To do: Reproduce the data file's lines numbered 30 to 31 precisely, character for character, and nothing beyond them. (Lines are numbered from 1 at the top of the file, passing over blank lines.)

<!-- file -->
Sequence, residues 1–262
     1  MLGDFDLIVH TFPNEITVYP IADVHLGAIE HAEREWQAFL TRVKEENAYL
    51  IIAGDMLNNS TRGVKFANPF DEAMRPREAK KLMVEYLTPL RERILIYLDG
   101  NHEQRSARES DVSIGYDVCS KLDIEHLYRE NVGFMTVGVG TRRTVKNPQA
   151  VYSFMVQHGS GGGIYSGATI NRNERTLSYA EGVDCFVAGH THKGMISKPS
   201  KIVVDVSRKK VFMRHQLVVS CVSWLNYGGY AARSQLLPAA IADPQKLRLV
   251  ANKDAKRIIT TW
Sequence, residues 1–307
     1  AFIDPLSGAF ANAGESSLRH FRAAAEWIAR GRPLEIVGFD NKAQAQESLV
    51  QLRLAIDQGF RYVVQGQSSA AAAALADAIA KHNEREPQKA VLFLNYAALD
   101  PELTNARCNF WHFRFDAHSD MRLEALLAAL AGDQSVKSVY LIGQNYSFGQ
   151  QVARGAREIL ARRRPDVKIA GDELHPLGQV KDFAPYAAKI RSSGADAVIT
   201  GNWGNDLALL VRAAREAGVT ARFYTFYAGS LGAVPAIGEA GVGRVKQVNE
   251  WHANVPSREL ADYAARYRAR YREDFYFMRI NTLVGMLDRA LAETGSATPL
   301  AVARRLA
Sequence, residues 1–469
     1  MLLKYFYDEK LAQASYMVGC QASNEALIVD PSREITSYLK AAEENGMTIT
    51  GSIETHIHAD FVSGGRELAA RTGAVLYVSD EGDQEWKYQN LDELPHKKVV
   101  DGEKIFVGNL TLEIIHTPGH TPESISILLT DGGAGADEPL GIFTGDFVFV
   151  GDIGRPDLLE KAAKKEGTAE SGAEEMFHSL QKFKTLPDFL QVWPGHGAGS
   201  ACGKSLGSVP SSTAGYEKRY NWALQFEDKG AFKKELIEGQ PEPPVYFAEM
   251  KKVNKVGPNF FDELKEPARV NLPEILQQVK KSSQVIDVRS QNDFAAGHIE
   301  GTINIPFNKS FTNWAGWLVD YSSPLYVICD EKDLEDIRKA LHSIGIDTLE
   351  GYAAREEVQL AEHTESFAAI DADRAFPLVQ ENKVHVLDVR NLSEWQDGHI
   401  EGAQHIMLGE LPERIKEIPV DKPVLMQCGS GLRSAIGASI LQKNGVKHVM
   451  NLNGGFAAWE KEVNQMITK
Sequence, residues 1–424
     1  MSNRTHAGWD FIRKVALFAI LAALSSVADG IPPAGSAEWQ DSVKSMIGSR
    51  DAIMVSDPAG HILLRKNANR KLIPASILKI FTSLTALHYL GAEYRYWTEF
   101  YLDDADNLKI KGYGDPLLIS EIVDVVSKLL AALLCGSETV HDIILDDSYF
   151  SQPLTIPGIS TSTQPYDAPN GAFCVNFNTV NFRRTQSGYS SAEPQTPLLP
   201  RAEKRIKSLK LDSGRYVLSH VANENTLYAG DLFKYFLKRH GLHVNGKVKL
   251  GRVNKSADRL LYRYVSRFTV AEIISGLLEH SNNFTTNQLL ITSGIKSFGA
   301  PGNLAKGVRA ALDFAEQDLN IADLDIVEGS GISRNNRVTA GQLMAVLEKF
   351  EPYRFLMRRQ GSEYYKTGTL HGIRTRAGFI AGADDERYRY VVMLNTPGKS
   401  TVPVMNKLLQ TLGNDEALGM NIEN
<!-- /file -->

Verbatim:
   101  YLDDADNLKI KGYGDPLLIS EIVDVVSKLL AALLCGSETV HDIILDDSYF
   151  SQPLTIPGIS TSTQPYDAPN GAFCVNFNTV NFRRTQSGYS SAEPQTPLLP